China strengthens its currency on international market

China's central bank took a step toward further flexibility in its foreign exchange system Friday, announcing it was widening the daily range for trading between the yuan and three other currencies, but not the U.S. dollar.

The yuan's exchange rate against the euro, yen and Hong Kong dollar will be allowed to fluctuate up to 3 percent above or below their opening levels, up from the previous band of 1.5 percent in either direction, according to a statement posted on the central bank's Web site.

But the central bank held firm its grip on the yuan's exchange rate to the U.S. dollar, keeping the daily trading band steady at 0.3 percent in either direction, as determined when authorities revalued the yuan on July 21, according to the AP.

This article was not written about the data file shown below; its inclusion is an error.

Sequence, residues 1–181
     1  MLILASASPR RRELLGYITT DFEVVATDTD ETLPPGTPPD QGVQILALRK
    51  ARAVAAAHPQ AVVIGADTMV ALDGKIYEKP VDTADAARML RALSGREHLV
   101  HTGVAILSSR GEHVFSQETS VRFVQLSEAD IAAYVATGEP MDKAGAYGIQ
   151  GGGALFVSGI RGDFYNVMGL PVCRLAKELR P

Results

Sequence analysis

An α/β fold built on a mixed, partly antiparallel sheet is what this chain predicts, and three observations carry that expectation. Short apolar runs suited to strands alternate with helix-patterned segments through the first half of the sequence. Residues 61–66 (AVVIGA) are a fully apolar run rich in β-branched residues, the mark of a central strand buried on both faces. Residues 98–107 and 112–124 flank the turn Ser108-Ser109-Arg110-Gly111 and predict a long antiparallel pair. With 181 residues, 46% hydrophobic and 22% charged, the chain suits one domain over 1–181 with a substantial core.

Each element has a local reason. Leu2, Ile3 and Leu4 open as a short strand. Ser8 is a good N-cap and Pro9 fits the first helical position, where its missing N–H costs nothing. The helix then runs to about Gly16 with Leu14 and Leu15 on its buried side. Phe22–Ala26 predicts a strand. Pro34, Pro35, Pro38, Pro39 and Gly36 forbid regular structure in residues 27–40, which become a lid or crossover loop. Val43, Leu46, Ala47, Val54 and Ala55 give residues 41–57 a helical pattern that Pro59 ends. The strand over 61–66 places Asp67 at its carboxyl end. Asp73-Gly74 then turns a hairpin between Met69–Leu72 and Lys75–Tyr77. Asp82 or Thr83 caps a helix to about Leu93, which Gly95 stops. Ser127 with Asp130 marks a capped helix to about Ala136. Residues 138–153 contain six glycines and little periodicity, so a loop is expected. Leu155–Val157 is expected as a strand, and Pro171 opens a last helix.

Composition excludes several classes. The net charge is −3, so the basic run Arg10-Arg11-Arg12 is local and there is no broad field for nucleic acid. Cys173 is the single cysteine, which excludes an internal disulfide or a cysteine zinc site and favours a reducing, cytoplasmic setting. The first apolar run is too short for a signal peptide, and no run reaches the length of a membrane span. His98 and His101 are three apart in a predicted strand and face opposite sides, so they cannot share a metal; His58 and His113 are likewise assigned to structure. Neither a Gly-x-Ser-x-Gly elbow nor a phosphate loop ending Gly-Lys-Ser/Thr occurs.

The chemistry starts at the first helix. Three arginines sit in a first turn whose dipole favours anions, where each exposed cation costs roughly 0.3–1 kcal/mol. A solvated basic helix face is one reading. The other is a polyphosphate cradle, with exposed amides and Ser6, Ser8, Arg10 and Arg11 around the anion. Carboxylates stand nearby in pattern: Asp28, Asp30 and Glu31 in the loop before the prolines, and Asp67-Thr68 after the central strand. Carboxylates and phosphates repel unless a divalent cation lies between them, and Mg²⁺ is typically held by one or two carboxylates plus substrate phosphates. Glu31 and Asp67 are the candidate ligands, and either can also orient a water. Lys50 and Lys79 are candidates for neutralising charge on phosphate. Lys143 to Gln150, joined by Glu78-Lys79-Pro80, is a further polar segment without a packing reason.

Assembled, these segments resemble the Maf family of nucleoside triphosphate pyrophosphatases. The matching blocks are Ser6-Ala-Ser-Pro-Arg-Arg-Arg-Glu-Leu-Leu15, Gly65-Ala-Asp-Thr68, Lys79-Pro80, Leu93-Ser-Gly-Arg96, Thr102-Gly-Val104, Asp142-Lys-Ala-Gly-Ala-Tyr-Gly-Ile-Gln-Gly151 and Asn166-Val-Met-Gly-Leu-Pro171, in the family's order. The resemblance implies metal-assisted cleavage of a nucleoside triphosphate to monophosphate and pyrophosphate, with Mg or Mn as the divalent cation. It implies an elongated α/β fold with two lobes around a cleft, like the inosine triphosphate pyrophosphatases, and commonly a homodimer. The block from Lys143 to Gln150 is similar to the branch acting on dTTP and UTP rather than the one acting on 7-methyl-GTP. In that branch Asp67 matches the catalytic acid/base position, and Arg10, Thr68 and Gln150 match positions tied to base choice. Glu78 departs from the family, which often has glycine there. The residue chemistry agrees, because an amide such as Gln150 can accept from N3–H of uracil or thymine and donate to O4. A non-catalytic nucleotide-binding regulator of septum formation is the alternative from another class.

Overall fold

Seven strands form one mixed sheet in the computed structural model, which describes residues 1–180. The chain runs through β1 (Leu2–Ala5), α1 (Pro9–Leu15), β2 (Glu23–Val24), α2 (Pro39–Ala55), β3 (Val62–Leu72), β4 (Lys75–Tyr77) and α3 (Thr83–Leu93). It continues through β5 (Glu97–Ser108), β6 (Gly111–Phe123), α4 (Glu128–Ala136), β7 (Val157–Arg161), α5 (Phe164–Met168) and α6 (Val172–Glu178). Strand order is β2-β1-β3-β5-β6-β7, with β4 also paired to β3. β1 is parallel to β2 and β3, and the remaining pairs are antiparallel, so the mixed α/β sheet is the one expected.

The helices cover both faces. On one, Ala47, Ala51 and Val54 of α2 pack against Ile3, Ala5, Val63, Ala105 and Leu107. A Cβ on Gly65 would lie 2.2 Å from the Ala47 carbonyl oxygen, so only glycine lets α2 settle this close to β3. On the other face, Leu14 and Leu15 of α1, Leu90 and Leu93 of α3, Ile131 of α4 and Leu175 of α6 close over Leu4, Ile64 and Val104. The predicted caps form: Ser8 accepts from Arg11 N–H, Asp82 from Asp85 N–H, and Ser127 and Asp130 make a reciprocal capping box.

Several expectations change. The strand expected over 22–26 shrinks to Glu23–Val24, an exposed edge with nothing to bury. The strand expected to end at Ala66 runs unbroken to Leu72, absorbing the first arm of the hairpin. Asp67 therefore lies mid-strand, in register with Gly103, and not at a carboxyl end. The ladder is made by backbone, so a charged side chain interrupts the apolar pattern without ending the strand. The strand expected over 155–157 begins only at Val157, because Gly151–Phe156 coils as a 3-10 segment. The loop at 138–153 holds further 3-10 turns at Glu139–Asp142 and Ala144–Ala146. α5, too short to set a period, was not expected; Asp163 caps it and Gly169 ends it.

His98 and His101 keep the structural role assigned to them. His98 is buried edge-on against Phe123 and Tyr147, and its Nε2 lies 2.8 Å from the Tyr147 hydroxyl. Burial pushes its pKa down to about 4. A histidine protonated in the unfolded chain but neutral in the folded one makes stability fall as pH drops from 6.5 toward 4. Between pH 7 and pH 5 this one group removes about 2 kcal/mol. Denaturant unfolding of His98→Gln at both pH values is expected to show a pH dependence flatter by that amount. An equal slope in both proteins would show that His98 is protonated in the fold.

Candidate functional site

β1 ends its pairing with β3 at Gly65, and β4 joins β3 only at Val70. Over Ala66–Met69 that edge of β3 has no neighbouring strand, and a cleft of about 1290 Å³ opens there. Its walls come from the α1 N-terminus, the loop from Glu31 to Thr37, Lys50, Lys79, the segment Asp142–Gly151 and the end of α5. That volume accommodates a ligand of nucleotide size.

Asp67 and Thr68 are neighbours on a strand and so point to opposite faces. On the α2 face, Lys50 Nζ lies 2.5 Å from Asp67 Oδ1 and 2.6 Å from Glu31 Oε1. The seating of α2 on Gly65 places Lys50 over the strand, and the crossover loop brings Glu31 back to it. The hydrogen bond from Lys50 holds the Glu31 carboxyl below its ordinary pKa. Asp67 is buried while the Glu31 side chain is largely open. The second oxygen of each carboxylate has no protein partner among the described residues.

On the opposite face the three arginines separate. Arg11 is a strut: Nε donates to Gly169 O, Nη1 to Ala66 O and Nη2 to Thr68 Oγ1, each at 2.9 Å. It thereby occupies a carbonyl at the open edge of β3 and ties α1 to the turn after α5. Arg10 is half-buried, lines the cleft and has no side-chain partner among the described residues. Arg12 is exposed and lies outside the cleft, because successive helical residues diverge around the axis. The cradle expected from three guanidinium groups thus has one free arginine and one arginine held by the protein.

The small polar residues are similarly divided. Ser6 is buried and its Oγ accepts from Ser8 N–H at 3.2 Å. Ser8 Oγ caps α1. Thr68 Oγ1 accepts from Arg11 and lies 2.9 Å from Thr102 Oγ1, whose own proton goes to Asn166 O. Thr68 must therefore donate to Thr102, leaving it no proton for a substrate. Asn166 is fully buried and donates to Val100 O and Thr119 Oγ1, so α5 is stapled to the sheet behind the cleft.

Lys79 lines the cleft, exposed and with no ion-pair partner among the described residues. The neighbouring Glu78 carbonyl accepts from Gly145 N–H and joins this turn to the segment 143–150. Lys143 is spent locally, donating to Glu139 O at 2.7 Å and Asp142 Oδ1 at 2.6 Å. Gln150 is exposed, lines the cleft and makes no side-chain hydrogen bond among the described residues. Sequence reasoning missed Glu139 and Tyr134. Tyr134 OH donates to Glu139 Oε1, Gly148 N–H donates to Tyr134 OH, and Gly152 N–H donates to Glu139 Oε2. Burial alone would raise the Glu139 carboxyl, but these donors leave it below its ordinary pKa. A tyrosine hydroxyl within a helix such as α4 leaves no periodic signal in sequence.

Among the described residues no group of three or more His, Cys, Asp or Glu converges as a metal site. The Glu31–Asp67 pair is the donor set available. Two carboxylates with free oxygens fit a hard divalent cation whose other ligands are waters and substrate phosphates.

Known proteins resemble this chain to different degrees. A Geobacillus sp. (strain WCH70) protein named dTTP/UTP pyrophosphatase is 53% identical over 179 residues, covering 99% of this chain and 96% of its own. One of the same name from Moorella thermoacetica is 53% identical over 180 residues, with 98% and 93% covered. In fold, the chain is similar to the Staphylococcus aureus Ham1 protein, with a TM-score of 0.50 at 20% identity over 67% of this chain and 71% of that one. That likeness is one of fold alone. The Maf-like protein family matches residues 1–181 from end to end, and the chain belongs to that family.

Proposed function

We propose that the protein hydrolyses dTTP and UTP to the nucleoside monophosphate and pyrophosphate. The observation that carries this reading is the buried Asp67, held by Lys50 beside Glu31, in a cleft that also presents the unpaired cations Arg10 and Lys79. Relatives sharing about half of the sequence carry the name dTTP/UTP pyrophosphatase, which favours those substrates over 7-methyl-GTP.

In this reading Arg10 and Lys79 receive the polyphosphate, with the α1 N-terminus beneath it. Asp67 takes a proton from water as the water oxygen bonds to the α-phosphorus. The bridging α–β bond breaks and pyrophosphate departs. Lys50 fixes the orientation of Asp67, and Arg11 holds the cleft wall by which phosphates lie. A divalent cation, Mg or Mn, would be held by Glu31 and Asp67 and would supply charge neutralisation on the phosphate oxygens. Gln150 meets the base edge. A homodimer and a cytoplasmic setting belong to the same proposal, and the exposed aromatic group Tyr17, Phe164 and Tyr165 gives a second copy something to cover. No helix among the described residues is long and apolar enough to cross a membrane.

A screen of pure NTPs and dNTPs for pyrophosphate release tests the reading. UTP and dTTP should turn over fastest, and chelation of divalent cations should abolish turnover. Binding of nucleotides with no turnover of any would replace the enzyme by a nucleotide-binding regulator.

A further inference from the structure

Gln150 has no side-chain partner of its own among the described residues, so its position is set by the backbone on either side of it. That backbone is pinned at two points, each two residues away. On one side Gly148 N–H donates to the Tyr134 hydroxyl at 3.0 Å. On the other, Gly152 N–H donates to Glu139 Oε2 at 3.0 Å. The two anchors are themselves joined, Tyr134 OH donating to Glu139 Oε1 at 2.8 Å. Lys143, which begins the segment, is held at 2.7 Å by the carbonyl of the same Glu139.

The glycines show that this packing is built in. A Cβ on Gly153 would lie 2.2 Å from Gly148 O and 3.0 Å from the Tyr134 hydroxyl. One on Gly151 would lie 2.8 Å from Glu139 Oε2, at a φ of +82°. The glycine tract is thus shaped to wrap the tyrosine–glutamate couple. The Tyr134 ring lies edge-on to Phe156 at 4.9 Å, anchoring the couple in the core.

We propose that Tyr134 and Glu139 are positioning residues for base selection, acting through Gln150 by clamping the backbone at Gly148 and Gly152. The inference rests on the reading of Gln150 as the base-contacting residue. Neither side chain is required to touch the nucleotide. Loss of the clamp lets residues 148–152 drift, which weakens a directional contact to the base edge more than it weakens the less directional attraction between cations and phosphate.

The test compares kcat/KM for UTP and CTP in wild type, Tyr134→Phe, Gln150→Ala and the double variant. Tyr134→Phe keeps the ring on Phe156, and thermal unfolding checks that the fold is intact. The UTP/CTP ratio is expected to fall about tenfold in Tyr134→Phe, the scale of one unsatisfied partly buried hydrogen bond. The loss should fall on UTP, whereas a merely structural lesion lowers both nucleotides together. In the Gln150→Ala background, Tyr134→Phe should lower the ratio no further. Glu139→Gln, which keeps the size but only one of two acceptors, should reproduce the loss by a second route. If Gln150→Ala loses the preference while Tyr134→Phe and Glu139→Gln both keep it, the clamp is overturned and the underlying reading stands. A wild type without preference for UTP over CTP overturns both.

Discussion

At that time, the central bank scraped the yuan's decade-long peg to the U.S. dollar and instead allowing it to trade against a basket of currencies. It also allowed the yuan to gain 2.1 percent against the dollar, to 8.11 from a previous rate of 8.27 yuan to the dollar.

So far, trading in the currency pairs affected by Friday's change has not been volatile, analysts said. They viewed the change as a sign of more reforms are planned.

The yuan fell against the dollar Friday after hitting its highest level since the July 21 revaluation, in one of its most volatile days of trading. The yuan closed at 8.0910 after surging to 8.0860 at mid-morning. It ended at 8.0881 on Thursday.

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